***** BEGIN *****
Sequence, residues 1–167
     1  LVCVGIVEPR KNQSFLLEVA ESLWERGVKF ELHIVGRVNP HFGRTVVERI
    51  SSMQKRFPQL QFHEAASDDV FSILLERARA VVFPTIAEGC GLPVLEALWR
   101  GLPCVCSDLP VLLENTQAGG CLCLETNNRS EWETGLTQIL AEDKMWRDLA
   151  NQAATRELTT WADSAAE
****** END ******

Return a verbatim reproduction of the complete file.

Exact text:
Sequence, residues 1–167
     1  LVCVGIVEPR KNQSFLLEVA ESLWERGVKF ELHIVGRVNP HFGRTVVERI
    51  SSMQKRFPQL QFHEAASDDV FSILLERARA VVFPTIAEGC GLPVLEALWR
   101  GLPCVCSDLP VLLENTQAGG CLCLETNNRS EWETGLTQIL AEDKMWRDLA
   151  NQAATRELTT WADSAAE